To make up with Buhari

IT’S trite to say that the Nigerian president is one of the most visible world leaders in terms of concentration of powers in his hands. It’s been said that his powers are unwieldy. He has sweeping authority on almost everything under the sun. People deify him and strive not to fall to the wrong side of him. Hence, one of the biggest industry in the country is sycophancy. Just listen to officials of government talk. It will seem that they are almost incapable of thinking for themselves. It’s always “the president said this or the president wants that.”  Nobody wants to get out from what they think will impress the president. So, in Nigeria, rather than a chief servant, the president is viewed as a demigod at the helms of affairs.

This is not just about the present administration. I listened to Namadi Sambo talked at occasions as Vice President under President Goodluck Jonathan and he never seemed to have a mind of his own. It was all about Jonathan and his government even though he was the number two man in the administration. Observers thought it was his way of demonstrating absolute loyalty to his principal. Of course, nobody will expect a Vice President to  openly indicate that he is not on the same page with the president but Sambo, a very humble personality, was very acquiescent in office. The trend has continued in this dispensation across board.

Even before he became president, Muhammadu Buhari had a cult-like hero status in parts of the country and his fabled puritanical reputation and uncommon integrity catapulted him to national consciousness when there was the need to return the nation to the path of frugality. Ever since assuming power, everything has revolved around his ascetic personality except that what happened in the past has become a child’s play in terms of the miles officials of government are willing to chalk up to be in his good books.

Last Friday, Senate Leader, Muhammed Ali Ndume, led a select group of National Assembly Muslim members to the State House to observe Jumat prayers at the State House mosque with the president. At the end of the prayers, he told corespondents that the gesture was part of efforts to smoothen the Executive-Legislature relationship. They had to come to pray with Buhari in the Villa because the president has made it a policy to observe his Jumat prayers at the State House mosque. He does not go to the National mosque just a stone throw away ostensibly because of the disruption his movement may cause to the routines of other people on the route.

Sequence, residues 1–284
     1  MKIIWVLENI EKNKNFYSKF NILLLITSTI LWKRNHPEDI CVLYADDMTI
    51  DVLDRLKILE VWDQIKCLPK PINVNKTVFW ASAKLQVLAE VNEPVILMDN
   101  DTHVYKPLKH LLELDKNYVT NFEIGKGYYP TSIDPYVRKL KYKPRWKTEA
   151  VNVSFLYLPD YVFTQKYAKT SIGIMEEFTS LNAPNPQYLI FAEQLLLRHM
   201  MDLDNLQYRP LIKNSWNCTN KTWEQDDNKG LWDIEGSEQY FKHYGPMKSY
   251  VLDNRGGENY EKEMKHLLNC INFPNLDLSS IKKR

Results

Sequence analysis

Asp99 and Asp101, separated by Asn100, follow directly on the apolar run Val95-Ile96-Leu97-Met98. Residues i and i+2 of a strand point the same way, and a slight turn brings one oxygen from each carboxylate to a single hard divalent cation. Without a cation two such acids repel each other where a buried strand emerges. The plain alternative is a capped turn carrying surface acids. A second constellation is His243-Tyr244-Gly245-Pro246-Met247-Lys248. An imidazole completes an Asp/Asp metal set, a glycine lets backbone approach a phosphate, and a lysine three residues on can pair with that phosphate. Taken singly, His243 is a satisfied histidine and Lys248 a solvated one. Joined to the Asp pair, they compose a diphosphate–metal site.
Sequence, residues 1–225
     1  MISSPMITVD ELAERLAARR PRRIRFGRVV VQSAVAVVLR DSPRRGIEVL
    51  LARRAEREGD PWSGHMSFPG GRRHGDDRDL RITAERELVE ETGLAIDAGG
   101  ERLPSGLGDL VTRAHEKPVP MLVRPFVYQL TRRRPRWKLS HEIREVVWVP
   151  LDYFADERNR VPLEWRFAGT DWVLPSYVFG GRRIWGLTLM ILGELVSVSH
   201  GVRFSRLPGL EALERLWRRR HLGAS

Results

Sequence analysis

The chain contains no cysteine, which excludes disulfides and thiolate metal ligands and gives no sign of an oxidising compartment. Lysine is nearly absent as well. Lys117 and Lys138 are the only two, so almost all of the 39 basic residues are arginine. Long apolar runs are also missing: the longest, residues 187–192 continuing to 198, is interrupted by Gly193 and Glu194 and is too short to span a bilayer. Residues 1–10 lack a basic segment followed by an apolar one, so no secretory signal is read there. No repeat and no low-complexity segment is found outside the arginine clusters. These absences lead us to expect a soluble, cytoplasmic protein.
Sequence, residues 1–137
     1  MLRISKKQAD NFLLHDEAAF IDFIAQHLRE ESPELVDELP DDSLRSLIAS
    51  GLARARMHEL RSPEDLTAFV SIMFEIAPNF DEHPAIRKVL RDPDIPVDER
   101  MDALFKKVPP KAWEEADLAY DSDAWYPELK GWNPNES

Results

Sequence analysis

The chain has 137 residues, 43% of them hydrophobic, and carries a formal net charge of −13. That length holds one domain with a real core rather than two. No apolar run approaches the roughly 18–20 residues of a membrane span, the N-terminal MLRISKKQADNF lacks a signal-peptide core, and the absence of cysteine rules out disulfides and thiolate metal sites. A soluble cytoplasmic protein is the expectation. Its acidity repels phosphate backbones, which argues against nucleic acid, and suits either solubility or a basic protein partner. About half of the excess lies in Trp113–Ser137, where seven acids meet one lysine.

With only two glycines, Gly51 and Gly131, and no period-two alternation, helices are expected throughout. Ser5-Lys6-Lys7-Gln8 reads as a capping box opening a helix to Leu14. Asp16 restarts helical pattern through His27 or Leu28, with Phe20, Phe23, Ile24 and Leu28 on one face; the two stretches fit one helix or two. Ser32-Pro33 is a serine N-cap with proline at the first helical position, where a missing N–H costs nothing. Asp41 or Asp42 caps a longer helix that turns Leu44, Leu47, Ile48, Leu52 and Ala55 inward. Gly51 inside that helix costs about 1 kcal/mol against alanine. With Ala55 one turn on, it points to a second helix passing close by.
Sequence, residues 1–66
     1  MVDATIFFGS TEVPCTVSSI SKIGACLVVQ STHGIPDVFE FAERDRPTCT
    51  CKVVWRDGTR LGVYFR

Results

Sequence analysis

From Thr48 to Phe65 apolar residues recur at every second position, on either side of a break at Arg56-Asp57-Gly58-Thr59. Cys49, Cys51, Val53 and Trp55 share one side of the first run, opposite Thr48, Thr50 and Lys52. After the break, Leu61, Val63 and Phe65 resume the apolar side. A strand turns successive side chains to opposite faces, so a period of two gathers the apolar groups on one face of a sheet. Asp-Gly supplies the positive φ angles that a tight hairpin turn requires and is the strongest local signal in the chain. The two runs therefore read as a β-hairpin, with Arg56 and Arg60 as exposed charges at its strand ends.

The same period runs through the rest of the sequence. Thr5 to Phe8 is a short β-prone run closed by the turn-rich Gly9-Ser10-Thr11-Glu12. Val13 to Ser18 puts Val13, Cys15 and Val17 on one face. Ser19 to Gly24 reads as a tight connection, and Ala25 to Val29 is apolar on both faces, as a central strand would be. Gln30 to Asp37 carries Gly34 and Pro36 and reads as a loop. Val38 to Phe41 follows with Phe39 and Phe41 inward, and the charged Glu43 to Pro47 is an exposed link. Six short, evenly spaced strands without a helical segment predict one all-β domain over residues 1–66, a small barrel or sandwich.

Ndume declared that their prayer with the present would be a frequent occurrence in the life of this administration. Therefore, we are going to see a steady flow of Muslim lawmakers to the Villa every Friday as they bid to work their ways into the president’s heart. His words: “We are trying to improve Executive and Legislature relationship. Part of the way is for few selected members of the National Assembly to join the President in prayers on Fridays. That is why we are here. As you can see, there are three members of the House of Representatives and three members of the Senate. You will be seeing more of this in the near future in order to cement our relationship.”

This raises critical questions among which is this. The Jumat prayers is a veritable opportunity for Muslim legislators to bond with the president but the National Assembly is made up of Muslims, Christians and possibly, atheists. If that is the case, what similar platform is available for others to make up with the president? The problem in the National Assembly is not an issue of lack of confidence between just the adherents of one religion and the president but the generality of its leadership and membership. So, it will require a wholesale mending if there is the need for such initiative.

But importantly, the legislators’ attitude is nothing short of arrant sycophancy at a time new budget padding controversy has brought their reputation to a new low. I don’t know whether this move is intended to mend the fissures arising from the budget padding or that of the emergence of a National Assembly leadership that supposedly fell short of the expectation of the president.

But coming to the Villa for eye service sessions will only scratch the surface of what is considered an open disobedience to party position or in the case of the budget, a systemic act of corruption. Without prejudice to the power of appropriation of the National Assembly, there is the need for fundamental adjustments to the way our commonwealth is superintended over and distributed. Rather than seeking to make up with the president in a superficial manner, this is a more viable way to demonstrate fidelity to the electorate who voted them into office as their representatives.

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